Students will explore how to use industry standard or open source graphics software programs to create Web ready images and Web pages. Topics include advanced image correction techiques and adjustments, typography and interpolation as well as conditional scripting statements and arrays. The course includes a final project that allows students to develop a Web page/site using the chosen software.
This course provides a broad overview of information security. It covers terminology, history, security systems development and implementation. Student will also cover the legal, ethical, and professional issues in information security.
In Web Technologies, students will investigate one or more software packages that help automate Web content creation. Students will explore and utilize various features of software packages such as CSS, multimedia incorporation, scripting technologies, form creation, search functionality, advanced image techniques and database connectivity.
Web Development II teaches students how to manipulate data in a database using the Open Database Connectivity (ODBC) model. Students will learn to retrieve, update, and display database information with a web application. Database access may be accomplished using a web programming language (such as PHP, Microsoft VB, Microsoft C#, or Sun Java). Topics include manipulating data in a database, working with a relational database via Open Database Connectivity (ODBC), working with different database systems, developing forms and applications to interact with a database server(s), modifying data in a database, and controls and validation.
IT Analysis, Design, and Project Management will provides a review and application of systems life cycle development methodologies and project management. Topics include: Systems planning, systems analysis, systems design, systems implementation, evaluation, and project management.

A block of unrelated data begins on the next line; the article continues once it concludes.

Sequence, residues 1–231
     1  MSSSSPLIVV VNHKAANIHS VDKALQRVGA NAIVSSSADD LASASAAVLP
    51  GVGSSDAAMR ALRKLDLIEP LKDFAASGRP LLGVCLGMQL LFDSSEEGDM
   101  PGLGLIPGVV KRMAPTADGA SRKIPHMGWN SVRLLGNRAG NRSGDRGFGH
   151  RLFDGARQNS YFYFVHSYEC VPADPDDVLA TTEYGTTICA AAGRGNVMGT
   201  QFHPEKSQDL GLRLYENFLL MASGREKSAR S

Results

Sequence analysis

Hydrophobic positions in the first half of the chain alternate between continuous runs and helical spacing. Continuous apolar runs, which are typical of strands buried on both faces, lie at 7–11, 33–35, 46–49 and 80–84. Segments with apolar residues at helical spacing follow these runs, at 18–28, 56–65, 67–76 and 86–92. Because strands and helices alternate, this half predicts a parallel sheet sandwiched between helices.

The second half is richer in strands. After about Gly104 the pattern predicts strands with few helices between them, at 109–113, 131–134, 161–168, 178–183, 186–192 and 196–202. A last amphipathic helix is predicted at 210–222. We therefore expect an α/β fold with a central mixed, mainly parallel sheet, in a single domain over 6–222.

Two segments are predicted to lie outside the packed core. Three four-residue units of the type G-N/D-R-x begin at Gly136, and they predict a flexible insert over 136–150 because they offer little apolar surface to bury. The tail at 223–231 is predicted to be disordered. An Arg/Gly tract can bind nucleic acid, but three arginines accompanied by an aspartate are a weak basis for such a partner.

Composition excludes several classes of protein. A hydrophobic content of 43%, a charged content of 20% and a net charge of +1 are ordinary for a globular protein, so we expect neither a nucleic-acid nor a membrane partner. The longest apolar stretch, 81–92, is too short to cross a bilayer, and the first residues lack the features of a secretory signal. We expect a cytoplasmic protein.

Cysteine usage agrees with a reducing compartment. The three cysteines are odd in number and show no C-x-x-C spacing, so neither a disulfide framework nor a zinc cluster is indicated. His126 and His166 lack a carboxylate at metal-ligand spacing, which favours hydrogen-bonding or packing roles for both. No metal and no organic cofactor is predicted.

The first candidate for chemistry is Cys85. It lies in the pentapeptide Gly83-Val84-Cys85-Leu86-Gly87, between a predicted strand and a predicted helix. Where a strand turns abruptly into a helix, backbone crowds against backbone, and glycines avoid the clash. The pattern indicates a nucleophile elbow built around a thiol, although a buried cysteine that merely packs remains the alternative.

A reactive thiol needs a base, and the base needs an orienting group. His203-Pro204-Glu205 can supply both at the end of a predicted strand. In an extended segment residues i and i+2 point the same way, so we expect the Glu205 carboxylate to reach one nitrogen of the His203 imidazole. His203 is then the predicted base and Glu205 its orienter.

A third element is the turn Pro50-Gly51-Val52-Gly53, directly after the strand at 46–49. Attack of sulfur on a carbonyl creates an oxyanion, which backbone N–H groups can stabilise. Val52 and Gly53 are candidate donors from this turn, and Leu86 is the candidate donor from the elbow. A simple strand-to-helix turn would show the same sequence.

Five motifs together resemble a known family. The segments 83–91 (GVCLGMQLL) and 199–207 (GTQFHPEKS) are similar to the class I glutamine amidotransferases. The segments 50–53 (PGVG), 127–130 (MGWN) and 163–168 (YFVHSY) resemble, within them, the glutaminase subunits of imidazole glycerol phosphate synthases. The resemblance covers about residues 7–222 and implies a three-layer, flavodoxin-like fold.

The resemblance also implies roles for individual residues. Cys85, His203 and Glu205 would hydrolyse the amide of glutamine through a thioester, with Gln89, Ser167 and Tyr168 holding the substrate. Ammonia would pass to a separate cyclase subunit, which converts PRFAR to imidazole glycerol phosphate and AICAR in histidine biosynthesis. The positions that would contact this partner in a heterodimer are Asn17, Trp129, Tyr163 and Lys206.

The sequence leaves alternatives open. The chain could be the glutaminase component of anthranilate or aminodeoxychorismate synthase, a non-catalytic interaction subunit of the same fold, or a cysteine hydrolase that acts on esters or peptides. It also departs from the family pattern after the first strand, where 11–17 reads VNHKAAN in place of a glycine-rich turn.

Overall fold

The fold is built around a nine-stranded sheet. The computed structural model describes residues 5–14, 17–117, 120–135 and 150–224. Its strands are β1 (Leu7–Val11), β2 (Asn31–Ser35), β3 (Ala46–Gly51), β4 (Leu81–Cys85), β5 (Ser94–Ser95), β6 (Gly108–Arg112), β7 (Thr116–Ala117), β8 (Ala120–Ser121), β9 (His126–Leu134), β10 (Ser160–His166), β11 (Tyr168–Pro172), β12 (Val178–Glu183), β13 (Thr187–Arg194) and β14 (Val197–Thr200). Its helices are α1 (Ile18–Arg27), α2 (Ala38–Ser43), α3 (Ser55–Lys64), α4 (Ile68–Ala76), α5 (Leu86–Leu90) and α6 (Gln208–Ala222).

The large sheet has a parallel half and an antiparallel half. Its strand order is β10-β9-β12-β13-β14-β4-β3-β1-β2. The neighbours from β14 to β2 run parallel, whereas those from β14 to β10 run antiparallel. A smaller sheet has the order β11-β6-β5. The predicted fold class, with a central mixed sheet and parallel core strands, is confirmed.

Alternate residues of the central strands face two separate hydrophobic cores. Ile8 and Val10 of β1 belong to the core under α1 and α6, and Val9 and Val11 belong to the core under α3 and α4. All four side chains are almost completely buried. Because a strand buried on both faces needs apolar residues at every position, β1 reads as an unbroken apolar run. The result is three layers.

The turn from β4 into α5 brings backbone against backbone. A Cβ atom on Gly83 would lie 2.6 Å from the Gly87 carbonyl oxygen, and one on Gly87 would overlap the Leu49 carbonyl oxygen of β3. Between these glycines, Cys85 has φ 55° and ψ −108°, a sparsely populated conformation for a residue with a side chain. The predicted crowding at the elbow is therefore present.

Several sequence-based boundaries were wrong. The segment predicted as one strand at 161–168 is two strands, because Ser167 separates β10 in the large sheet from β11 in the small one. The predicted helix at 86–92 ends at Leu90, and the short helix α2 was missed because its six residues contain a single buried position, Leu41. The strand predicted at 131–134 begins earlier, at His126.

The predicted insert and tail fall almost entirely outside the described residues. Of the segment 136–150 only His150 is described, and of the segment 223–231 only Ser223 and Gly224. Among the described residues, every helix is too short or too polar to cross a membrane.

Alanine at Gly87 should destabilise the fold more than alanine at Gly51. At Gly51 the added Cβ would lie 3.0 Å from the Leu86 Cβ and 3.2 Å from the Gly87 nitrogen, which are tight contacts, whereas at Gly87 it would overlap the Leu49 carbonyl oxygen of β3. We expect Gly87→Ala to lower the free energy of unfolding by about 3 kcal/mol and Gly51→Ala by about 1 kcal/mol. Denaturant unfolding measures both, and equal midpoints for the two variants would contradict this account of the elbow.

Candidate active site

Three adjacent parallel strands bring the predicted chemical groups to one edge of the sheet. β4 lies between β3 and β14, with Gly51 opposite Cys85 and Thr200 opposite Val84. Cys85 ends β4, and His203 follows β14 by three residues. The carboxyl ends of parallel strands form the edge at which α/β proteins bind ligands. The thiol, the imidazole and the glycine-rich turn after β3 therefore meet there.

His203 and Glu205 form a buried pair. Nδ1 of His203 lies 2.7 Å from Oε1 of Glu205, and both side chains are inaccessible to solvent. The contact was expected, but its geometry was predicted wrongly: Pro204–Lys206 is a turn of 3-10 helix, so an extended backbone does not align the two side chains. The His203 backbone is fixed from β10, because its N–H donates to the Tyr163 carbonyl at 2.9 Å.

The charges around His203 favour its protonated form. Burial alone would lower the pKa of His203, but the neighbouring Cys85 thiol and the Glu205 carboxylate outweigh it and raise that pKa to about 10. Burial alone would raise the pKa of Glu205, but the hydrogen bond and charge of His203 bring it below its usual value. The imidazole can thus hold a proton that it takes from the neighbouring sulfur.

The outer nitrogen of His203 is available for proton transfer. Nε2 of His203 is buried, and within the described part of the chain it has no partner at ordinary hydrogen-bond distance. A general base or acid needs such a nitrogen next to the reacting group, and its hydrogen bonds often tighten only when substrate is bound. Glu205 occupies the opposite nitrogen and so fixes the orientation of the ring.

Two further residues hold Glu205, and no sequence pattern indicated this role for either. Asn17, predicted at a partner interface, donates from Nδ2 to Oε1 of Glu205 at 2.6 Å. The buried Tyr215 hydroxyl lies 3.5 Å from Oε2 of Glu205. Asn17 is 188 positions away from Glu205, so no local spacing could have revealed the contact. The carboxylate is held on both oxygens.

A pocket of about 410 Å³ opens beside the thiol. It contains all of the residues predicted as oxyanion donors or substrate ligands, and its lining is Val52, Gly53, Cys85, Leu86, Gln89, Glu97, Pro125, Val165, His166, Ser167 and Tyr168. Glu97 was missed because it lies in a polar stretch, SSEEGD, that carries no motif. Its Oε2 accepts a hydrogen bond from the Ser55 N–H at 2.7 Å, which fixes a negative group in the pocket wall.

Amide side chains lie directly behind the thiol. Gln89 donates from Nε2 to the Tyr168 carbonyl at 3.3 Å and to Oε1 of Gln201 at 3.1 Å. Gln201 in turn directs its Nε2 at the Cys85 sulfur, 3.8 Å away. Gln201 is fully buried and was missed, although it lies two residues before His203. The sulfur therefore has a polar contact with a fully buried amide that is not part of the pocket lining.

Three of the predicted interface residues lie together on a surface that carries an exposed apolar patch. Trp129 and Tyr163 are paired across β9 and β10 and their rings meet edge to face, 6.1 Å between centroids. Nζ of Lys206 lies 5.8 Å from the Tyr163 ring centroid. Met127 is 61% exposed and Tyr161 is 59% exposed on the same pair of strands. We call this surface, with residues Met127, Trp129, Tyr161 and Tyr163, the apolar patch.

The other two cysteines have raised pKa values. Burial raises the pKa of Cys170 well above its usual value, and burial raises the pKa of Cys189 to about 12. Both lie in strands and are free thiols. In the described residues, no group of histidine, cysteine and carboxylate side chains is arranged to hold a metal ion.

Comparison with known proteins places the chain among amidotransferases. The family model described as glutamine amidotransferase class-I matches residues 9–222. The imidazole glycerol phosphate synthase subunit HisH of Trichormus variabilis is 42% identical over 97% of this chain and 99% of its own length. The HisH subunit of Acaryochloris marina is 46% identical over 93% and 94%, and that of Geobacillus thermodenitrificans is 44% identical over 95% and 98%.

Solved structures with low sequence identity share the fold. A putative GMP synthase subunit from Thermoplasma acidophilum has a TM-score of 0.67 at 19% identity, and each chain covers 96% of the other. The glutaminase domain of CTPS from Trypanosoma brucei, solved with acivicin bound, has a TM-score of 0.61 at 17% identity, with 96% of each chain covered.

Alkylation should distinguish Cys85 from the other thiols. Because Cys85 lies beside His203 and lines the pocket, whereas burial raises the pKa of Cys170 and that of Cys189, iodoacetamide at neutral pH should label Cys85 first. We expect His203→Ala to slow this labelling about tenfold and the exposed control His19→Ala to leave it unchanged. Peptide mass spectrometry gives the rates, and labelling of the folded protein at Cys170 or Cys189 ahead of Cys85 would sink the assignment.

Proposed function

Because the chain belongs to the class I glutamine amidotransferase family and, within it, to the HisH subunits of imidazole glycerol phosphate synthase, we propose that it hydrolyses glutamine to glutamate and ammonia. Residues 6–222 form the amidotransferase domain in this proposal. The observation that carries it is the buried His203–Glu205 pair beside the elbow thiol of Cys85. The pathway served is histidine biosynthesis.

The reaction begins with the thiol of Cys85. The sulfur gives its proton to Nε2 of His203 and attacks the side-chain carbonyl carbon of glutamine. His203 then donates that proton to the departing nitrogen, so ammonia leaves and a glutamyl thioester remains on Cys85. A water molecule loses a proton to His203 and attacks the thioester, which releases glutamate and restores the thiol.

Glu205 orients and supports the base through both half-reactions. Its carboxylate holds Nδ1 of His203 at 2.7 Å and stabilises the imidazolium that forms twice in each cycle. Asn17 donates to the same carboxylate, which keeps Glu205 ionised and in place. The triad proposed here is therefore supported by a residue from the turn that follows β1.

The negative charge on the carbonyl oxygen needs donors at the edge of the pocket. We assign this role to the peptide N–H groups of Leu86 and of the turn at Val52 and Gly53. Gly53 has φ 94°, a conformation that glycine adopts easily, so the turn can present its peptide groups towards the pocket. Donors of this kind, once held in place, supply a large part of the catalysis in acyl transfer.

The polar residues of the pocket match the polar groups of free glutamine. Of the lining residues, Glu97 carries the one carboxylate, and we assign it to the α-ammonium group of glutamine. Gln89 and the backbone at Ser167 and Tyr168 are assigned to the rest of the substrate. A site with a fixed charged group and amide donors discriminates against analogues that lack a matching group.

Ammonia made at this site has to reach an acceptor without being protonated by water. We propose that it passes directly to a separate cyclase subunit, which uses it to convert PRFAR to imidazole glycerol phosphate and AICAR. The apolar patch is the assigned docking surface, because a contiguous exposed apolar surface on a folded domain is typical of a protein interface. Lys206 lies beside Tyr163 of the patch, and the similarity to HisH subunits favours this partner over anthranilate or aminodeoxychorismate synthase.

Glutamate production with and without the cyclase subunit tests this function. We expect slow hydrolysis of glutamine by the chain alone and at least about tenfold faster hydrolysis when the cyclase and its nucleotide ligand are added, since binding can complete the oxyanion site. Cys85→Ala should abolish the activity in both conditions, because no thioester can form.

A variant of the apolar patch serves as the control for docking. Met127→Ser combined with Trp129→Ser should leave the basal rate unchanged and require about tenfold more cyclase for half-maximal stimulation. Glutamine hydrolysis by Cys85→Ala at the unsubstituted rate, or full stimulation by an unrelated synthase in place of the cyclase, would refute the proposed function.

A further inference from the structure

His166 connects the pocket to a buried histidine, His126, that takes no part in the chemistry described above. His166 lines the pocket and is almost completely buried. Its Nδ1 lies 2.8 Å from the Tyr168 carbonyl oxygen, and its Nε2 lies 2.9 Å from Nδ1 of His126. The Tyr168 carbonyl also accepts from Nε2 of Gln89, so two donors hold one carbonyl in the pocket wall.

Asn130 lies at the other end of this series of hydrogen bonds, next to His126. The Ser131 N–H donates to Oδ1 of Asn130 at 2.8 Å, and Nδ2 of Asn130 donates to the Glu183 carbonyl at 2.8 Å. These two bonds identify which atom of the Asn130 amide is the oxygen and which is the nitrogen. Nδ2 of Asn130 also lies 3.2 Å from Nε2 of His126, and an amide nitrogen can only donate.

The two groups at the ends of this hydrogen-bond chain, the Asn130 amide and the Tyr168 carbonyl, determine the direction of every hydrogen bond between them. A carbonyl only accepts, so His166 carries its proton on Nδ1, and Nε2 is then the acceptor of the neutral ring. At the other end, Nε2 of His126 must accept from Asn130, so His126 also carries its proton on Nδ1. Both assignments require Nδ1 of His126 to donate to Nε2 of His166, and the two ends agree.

and one of the following (4 hours)
Includes basic database design concepts and solving database retrieval and modification problems using the SQL language. Topics include: database Vocabulary, Relational Database Design, Date retrieval using SQL, Data Modification using SQL, Developing and Using SQL Procedures.
This course provides an introduction to the Oracle database management system platform and to Structured Query Language (SQL). Topics include database vocabulary, normalization, Oracle DML and DDL statements, SQL Statements, views and constraints.
and one of the following (3 hours)
Students will further explore how to use and industry standard or open source graphics software program to create Web ready images and Web pages. Topics include advanced image correction techniques and adjustments, typography and interpolation as well as conditional scripting statements and arrays.
In this continuation of Web Animation I, students build on their basic scripting knowledge to incorporate advanced scripting techniques in an animated project. They will also explore how to create realistic graphics using inverse kinematics, how to create and edit advanced tweens and how to incorporate various media types into a Web based animation or movie. The course concludes with the completion of a Web animation project.
and one of the following (4 hours)
Visual Basic I introduces event-driven programming. Common elements of Windows applications will be discussed created and manipulated using Microsofts Visual Studio development environment. Topics include numeric data types and variables, decision making structures, arrays, validating input with strings and functions, repetition and multiple forms, test files, lists and common dialog controls.